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it is perhaps the leading characteristic of the following work, that, while it contains all the tables and rules for computation necessary for the practical seaman, it contains also the investigation of the rules, and the preparatory mathematical information necessary to make the investigations understood.

The introductory article on the Principles of Algebra is intended merely to enable the student to read, without difficulty, the analytical investigations in Plane and Spherical Trigonometry; and the spaces allotted to the other elementary branches of science have been in some degree proportioned to their relative importance. They will be found sufficient to serve the purpose for which they are chiefly intended, and perhaps also to excite that taste for demonstrative science which it ought to be one great object of mathematical instruction to superinduce.

The principal and most useful trigonometrical formulæ are written out in words, in the form of practical rules; and the whole of the work has been so arranged that the theoretical and the practical parts may be taught either separately or jointly; so that those who have not leisure, inclination, or talent, to master the theory, may content themselves with learning its practical application.

siderable length, and their application shown in the solution of a variety of problems in Plane, Parallel, Middle Latitude, and Mercator's Sailing, in keeping a Sea Journal, and the construction of Charts.

An investigation is given of the principles of the Quadrant, and other reflecting instruments for nautical observations. In teaching the practical use of these instruments, in our unsteady climate, opportunities sufficiently numerous for the student to exercise himself in observing, are not always to be obtained during the ordinary hours of school attendance; and this is particularly the case with respect to lunar distances. A convenient expedient for exercising young observers in the method of making this class of observations, is to make them observe the distance of the sun from his image, as reflected from a plane mirror, or a piece of polished glass. By placing the glass in different situations, the relative positions and distances of the sun and his image may be so varied, as to afford exercise in managing the instrument in every way in which it can be required to be held; and the distances may at any

time be made either increasing or decreasing, and to vary either quickly or slowly; so that the student

may,
in this
way, be taught to observe in

every variety of circumstances under which an actual observation can be taken.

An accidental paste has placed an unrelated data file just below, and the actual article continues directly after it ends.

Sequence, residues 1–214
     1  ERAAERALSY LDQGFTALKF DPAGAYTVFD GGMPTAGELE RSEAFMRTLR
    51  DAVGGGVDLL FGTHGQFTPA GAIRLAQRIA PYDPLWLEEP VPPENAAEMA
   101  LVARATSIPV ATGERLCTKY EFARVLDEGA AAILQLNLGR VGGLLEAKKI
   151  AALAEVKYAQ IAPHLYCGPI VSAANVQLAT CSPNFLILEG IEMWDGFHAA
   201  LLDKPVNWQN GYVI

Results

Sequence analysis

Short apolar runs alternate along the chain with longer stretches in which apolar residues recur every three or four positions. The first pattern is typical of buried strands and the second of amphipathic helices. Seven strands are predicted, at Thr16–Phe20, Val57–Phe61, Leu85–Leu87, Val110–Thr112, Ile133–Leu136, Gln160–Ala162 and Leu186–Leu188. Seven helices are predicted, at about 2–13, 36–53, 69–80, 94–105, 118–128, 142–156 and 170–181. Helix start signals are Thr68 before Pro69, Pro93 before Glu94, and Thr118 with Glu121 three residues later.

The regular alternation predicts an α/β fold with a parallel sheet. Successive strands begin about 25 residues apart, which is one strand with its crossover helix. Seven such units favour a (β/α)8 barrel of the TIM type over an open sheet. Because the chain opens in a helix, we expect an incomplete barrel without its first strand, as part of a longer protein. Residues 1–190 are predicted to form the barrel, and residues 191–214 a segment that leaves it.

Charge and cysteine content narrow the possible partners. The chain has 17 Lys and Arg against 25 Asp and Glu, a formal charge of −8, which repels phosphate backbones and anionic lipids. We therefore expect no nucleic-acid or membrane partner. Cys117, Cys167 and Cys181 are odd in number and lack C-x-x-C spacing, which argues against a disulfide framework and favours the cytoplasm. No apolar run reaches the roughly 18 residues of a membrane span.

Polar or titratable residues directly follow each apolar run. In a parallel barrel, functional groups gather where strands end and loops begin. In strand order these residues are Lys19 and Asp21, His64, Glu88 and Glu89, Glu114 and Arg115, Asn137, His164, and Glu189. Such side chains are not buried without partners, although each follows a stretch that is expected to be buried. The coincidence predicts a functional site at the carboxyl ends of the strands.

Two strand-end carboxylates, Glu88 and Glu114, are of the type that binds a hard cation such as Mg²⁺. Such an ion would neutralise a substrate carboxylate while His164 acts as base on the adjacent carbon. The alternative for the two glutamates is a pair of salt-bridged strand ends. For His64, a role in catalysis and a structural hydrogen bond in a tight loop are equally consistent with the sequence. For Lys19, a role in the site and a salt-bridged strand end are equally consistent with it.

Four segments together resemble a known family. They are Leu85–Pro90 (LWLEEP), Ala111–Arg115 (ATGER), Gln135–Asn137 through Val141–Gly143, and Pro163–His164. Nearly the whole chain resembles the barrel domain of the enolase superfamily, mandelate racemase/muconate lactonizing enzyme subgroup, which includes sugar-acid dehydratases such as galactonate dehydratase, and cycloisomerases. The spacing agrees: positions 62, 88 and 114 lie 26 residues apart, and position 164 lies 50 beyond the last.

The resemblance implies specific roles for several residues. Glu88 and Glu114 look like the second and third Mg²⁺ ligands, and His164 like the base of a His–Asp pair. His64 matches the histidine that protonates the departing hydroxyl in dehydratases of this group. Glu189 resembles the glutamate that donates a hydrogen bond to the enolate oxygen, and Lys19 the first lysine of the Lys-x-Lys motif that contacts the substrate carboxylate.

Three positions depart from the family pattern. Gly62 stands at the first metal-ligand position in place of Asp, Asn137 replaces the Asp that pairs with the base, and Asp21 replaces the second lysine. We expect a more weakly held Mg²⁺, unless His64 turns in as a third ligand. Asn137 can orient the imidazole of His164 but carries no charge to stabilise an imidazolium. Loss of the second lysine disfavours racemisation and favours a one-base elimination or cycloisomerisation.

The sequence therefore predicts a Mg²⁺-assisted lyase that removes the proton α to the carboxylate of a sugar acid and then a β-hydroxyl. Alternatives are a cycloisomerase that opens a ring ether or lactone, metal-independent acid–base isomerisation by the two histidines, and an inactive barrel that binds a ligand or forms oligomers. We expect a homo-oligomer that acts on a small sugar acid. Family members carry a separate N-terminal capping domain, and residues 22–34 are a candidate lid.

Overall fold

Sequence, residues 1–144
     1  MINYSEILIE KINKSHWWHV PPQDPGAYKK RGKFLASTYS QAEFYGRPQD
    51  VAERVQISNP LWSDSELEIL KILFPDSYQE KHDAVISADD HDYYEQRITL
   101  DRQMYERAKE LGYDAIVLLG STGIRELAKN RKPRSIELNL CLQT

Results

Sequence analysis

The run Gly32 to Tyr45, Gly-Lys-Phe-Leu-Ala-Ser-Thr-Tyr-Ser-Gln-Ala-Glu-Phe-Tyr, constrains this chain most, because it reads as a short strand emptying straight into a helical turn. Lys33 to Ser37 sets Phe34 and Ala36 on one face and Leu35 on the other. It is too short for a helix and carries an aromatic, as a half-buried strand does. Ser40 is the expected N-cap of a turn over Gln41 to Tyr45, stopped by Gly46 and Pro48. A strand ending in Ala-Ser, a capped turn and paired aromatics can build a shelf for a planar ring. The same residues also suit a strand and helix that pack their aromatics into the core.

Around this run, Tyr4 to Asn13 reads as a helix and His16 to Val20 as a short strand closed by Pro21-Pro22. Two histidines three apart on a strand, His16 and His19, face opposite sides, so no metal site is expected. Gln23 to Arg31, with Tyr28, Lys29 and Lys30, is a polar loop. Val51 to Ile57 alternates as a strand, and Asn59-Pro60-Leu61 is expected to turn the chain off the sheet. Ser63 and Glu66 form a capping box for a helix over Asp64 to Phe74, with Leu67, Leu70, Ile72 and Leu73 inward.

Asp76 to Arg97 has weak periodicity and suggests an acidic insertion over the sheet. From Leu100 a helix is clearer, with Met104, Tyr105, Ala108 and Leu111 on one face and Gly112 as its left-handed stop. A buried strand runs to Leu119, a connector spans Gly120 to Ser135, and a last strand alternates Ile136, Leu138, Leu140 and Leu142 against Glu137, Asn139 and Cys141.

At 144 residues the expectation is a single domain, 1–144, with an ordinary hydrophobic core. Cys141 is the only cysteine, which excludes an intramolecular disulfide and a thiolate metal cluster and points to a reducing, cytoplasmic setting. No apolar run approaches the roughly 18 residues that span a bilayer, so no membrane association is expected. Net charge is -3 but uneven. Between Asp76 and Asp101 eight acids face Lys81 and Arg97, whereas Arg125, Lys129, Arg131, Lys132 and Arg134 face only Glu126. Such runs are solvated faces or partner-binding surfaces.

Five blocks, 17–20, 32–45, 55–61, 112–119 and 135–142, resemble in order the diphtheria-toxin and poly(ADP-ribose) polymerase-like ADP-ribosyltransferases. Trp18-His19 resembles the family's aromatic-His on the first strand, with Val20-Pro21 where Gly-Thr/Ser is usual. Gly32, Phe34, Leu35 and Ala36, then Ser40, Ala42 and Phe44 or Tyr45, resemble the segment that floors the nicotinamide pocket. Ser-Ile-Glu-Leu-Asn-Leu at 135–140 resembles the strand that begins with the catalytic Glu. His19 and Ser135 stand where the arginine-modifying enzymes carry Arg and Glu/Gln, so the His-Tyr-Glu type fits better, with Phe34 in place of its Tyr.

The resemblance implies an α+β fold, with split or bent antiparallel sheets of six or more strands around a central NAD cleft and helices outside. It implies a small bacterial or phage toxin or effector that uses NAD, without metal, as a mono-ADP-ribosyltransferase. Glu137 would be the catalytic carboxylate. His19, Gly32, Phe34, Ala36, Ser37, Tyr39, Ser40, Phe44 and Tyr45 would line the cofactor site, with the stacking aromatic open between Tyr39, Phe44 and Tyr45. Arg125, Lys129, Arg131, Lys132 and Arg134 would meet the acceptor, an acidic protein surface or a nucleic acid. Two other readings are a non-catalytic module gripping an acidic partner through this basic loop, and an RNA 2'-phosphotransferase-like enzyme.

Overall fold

The practical solutions of the most useful problems, in Nautical Astronomy will, it is hoped, be found as simple as can be desired. The method of finding the latitude by double altitudes of the sun, is derived from a solution of the problem originally given by J. Ivory, Esq.; and the methods of clearing the lunar distance from the effects of parallax and refraction, are deduced from formulæ which were first investigated by that accomplished navigator the late J. de Mendoza Rios.

The investigations which are given of the practical rules, will present no difficulty to those who understand the theory of Plane and Spherical Trigonometry as given in the preceding parts of the work; and the concluding Miscellaneous Nautical Problems will afford sufficient variety to guide the student in applying his knowledge of Spherics in the solution of any useful problem that can arise in actual practice.

Very great care has been bestowed on the Tables, and it is presumed that few errors of any practical importance will be found in them. The Tables of Figures have been stereotyped, which will ensure the. continuance of whatever accuracy they at present possess, while it will admit the correction of any error that may

hereafter be discovered. With respect to Tables, the work has one advantage which in schools

every table requisite in solving the different examples; the necessary parts of the Nautical Almanac being given for the time to which the examples are fitted which require its aid. Another advantage which the work

possesses in this respect, is of not less importance in practice. The tables of the sun's declination, right ascension, and the equation of time, here given, with the auxiliary table for reducing them to subsequent years, will enable the mariner to find his longitude with sufficient exactness by a chronometer for more than sixty years to come, without the aid of the Nautical Almanac.

A work from which any branch of science is intended to be taught should abound with practical examples; and the following work will in that respect be found to answer its object. The examples which require numerical computation are chiefly new; and in making such a multiplicity of calculations, it is very probable that a wrong figure may have sometimes passed unobserved, though it is believed that this can have happened but seldom.

For the elementary theorems in the different branches of science it would, in most instances, be difficult for the author to say to whom he is indebted; as they have long been the common property of every writer on those subjects. But in one instance he is under no such difficulty; it is chiefly to the excellent collection of “ Geometrical Problems,by Mr. Bland, that he is indebted for the Examples for Exercise in Geometrical Investigation, and the solutions of these problems may be seen in Mr. BLAND's volume.

In concluding, the author has only to add, that he has endeavoured to adapt his work at once “ to Practice, and to the Purposes of Elementary Instruction;" how far his endeavours may be calculated to answer their intended purpose must be left with the public to determine.

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